Linn Rivers is a trauma recovery coach and mentor who uses Neuro-linguistic programming, hypnosis, and mentorship. Using these tools, she is able to connect directly with the subconscious mind to make relatively quick and dependable shifts in the neurological system. Linn is able to relate closely with people on a wide range of traumatic events that she herself has overcome, such as the death of loved ones, abandonment, neglect, sexuality issues, growing up with an alcoholic parent, relationship dynamics, gender identity, anger/fear, addiction, illness, and near-death experiences.
Listen & Subscribe on:
- Website: www.LinnRivers.com
- Upcoming: A short documentary called Victim To Victor is coming out soon. Once it is shown at the film festivals, it will be available on www.LinnRivers.com.
Most Influential Person
Effect on Emotions
- Mindfulness has made me very thankful and appreciative of every single emotion that I have.
- Every emotion is on purpose. Mindfulness has taught me to not ignore them (my emotions) and not push them away.
Thoughts on Breathing
- Breathing is a mindfulness practice of making sure that I'm in my body and that I'm using my breath.
- You will see that I take deep breaths often to really just be present. It's that reminder that I am here and breathe. Just simply breathing just allows you to stay present.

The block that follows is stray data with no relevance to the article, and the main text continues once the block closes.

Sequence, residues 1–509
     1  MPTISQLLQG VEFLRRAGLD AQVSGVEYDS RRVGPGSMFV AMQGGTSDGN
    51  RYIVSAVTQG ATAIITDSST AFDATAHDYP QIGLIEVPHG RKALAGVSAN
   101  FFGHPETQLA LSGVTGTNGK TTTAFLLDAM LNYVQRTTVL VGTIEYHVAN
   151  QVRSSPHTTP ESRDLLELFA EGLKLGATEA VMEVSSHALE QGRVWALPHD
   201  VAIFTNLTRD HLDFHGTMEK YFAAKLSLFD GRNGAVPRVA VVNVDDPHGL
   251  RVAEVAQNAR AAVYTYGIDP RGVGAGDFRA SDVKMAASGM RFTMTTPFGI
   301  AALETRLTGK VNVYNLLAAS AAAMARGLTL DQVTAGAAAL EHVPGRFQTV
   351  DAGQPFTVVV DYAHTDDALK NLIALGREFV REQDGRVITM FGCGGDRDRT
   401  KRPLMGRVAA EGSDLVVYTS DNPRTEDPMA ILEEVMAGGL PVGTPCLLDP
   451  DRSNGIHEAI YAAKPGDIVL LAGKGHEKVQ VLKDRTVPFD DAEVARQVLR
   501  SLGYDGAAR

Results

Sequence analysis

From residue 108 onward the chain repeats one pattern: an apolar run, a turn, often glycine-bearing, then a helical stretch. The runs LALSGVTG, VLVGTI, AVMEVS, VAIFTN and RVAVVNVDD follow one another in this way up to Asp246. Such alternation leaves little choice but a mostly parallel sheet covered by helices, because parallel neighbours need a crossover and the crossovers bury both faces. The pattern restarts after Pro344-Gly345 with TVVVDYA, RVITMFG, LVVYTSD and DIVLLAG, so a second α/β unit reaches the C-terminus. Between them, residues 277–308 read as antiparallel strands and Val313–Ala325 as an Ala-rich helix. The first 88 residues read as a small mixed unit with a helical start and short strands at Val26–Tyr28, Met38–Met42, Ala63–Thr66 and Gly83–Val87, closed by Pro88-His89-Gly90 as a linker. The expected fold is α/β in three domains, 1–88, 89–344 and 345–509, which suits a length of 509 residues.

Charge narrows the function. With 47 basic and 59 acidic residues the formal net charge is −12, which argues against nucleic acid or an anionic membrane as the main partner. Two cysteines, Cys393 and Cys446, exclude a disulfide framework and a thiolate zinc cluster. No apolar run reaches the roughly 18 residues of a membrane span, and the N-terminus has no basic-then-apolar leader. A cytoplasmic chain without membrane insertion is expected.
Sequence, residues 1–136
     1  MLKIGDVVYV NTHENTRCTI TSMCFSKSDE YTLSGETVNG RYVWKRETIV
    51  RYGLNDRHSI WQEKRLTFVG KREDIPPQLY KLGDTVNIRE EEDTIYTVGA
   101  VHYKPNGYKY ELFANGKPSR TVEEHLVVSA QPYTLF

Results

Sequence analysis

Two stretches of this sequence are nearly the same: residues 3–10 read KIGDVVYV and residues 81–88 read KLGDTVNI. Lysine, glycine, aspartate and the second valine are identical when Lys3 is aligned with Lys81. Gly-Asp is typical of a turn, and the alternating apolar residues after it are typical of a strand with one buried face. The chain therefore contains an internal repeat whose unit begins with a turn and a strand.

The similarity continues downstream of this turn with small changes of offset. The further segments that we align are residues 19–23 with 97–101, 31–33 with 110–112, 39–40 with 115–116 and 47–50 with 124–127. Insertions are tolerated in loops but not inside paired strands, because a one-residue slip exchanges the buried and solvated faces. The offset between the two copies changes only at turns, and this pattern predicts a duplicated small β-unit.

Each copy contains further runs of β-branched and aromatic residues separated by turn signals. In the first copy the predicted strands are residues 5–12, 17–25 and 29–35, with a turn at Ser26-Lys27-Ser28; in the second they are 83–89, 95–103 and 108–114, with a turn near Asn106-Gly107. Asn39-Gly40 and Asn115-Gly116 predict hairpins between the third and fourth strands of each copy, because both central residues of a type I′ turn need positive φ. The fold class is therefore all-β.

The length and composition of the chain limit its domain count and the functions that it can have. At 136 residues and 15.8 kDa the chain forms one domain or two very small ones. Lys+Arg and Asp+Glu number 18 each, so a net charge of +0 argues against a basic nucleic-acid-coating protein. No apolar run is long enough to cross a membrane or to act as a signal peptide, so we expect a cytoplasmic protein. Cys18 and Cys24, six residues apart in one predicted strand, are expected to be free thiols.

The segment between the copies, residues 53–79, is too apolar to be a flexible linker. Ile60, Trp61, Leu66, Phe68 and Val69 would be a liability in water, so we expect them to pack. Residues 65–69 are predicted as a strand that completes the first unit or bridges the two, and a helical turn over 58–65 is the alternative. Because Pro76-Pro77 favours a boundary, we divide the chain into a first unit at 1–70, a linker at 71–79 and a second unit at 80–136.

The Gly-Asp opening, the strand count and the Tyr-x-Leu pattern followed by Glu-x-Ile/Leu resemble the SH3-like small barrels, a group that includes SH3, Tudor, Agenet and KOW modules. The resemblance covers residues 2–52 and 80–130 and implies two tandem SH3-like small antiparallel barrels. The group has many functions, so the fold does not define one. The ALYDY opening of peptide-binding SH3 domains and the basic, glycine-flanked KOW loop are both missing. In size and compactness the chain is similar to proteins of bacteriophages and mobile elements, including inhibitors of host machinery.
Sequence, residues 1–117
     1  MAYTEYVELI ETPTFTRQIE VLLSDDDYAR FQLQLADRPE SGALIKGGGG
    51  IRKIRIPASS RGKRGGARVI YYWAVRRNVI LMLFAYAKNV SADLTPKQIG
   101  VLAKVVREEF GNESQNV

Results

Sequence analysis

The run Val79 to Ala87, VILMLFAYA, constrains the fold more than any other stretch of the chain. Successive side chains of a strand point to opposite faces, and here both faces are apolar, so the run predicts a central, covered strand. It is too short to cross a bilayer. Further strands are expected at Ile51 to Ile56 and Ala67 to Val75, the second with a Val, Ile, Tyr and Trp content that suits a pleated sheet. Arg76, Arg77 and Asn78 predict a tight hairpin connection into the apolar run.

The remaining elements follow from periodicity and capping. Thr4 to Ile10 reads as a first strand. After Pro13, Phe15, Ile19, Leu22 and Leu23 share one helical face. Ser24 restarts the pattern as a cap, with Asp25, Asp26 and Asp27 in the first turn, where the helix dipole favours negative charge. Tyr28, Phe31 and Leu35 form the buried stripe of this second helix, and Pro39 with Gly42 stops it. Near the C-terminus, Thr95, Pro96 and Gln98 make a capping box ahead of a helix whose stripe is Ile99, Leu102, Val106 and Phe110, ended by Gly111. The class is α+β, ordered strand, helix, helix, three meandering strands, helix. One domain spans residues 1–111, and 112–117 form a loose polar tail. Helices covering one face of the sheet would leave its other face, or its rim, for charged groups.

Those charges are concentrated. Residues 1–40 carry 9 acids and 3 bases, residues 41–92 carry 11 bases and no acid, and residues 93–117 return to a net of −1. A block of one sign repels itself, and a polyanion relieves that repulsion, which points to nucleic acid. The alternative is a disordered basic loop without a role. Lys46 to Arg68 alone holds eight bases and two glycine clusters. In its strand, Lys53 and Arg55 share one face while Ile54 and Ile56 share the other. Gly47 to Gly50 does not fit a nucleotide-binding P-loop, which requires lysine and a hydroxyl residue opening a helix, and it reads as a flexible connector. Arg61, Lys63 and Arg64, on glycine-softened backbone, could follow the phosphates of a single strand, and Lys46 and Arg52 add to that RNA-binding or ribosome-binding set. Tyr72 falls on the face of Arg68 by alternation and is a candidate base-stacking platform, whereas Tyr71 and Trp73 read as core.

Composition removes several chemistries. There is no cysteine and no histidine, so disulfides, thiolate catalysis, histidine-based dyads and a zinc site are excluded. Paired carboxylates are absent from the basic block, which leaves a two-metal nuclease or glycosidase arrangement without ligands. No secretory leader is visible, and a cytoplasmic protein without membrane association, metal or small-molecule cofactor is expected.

- Book: n/a
- App: n/a
- I have been bullied the majority of my life because I am a very powerful person and people don't like that. If it comes to a career and anyone thinks that you are going to overstep them or take a position that they wanted, you're suddenly the target. In school I was a big target.
- As a child I was a major tomboy and I would kick all of the guy's butts in football and hockey and basketball. I was bullied a lot for that and a lot of it still registers in my head.
- 269 NLP Explained by Mike Bundrant
- 267 NLP Instructor, Serena Denmark
- 175 Quantum Healing; Beth Sutherland
Do you want to improve the focus, drive, and productivity of your employees? If so, you can learn how by downloading, '10 Simple & Effective Ways to Increase Mindfulness in the Workplace Now', a free PDF at MindfulnessMode.com/workplacep.
Note: The following transcript is a draft transcript, and as such, may contain computer-generated mistranslations.
Linn, I think you said you have an alcoholic parent?
Linn Rivers, Trauma Recovery Coach: